Noble Foundation Associate Professor Kelly Craven, Ph.D., received a grant from the United States Department of Energy to study plant-microbe interactions in switchgrass.
Noble Foundation Associate Professor Kelly Craven, Ph.D., received a grant from the United States Department of Energy to study plant-microbe interactions in switchgrass.

How do you grow healthier, hardier plants for livestock and people? One answer may lie in the relationship between naturally occurring, beneficial microbes and prairie grass commonly seen in the Great Plains.

Researchers at The Samuel Roberts Noble Foundation, the Lawrence Livermore National Laboratory (LLNL), the University of California, Berkeley (UC Berkeley), and the University of Oklahoma recently received a five-year, $11 million grant from the United States Department of Energy to study plant-microbe interactions in switchgrass.

The grant will enable co-principal investigators Kelly Craven, Ph.D., Michael Udvardi, Ph.D., Wolf Scheible, Ph.D., and Malay Saha, Ph.D., (all with the Noble Foundation), the group at LLNL, and principal investigator Mary Firestone, Ph.D., (UC Berkeley) to study soil microbial populations in and around switchgrass plants that grow well (or poorly) on nutritionally-depleted soils.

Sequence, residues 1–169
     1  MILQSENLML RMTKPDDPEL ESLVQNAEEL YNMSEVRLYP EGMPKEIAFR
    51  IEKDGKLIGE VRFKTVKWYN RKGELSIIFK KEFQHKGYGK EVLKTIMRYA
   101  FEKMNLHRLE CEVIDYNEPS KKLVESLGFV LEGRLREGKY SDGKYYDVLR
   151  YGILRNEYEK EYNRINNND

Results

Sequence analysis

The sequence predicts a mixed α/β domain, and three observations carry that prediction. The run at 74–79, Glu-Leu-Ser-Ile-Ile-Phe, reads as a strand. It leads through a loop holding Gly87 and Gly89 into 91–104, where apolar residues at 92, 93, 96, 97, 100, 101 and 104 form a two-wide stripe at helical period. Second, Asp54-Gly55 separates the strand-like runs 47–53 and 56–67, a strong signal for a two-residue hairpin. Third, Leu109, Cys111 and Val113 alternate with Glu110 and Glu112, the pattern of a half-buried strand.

“We know microbes help plants survive and thrive throughout the world, and many are critical when the plant is stressed by poor soil quality and/or water limitation,” Craven said. “If we can reveal the key processes or microbial community members that are required for a healthy, living soil, then we can potentially use them to not only produce a bioenergy feedstock with minimal inputs but to do so in a sustainable manner.”

Understanding how such microbes promote the prairie grass to grow in nutrient-deficient, marginal soils will have impacts not only for switchgrass, but also for forage and crop-based agriculture in general.

“We see switchgrass as a model for low-input agriculture,” Craven said. “Understanding the biology enabling this successful prairie grass to survive with minimal inputs and still produce high yields will hopefully enable us to grow healthier, hardier plants for livestock and humans.”